Shuttl – The bus service for car people

The Shuttl private bus service
The most successful private bus operator in India
Live Mint

Is there a market opportunity for car owners willing to travel by bus? That was not the business model the founders of Shuttl had in mind. They first signed up with private bus owners for intercity services, where they assumed the market was. A few disappointing months later, with only a few takers, they had to find an alternative. They turned to commuters within the city. Having developed a basic ride-hailing app, they rented a car, and went from one crowded bus stand to another in Gurugram, peddling the service. That’s what it took. Speaking to hundreds of people a day, convincing them that an A/C bus with a guaranteed seat was the better option. It took them months to get a few hundred rides going on a regular basis.

Customer testimonials for Shuttl, the private bus service
Customer Testimonials for the service

This part is missing or glossed over in startup success stories.  Now, with over 1200 buses plying across 6 cities, it seems like the winning formula was there all along. But during the phase of identifying every prospect, making the case to switch over, it would have been terrifying.  Money runs out, and even though it seems like a market need, hitting the required numbers is hard. Do founders dream of spending days visiting crowded bus stops? Or dealing with indifferent customers who have to be convinced and cajoled to try? And from the customers’ point of view, why would they trust a company they had never known?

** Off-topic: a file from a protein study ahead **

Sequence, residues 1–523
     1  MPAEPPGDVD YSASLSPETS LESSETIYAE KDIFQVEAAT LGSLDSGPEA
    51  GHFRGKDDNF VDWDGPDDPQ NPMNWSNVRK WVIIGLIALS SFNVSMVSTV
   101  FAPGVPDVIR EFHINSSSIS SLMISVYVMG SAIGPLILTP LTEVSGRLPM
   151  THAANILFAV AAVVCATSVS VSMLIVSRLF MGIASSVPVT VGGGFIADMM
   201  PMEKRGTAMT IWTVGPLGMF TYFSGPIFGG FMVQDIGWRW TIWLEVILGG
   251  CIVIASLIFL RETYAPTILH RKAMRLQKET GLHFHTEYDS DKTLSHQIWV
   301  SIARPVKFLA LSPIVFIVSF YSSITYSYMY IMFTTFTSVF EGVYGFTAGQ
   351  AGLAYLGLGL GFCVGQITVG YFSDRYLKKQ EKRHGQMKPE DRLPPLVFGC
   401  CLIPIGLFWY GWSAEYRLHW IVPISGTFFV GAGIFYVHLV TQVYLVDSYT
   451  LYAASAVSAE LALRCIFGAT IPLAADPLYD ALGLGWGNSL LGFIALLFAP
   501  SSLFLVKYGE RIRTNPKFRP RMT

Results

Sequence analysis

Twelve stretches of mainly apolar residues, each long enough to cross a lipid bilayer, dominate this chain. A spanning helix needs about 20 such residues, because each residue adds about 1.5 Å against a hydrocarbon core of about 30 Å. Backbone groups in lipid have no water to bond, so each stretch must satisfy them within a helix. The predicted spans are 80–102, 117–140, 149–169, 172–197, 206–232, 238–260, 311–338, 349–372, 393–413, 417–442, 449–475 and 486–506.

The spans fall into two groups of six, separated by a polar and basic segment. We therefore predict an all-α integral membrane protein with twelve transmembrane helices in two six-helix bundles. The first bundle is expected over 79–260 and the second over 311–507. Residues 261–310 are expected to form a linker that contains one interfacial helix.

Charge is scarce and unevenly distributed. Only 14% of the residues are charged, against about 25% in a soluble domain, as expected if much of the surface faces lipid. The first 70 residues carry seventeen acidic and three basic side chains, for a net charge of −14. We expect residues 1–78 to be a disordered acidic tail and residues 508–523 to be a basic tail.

Getting the business model to work

A Shuttl customer about to board a bus
A Shuttl customer about to board

The government can deploy bus fleets without profitability as a priority. But in any private enterprise, the balance between capital available, cash flow and growth is a delicate dance. To get VCs interested, demonstrating growth is essential. And the ability to scale. That’s where things get chaotic. Finding the right routes. Signing up with bus owners. Conducting safety checks and standards of operation to ensure that customers don’t drop off or get dissatisfied.

Then, getting the technology right – without having to conduct training sessions for customers to use the app. Billing on the backend had to work seamlessly. The Shuttl app already has over 1 million downloads. It’s the most awarded commute app. And it now covers all of India’s major metros – Delhi NCR ( National Capital Region), Kolkata, Pune, Hyderabad, Mumbai, and Chennai, Bengaluru and Jaipur. The app claims that buses run every five minutes – which is wonderful if it is being achieved. App rating is 3.8 – not great certainly, but definitely above average.

The ticketing innovation

For authentication, Shuttl uses technology developed by Chirp, a company based out of UK. It’s called Data over Sound – because existing technology like QR Codes did not work when the lighting was less than optimal and in peak time when people boarding had to be authenticated immediately. NFC (Near Field Communication) was not available on all mobile devices by default. 
From the article: Manual methods were deemed intrusive and unpleasant for the drivers and the customers.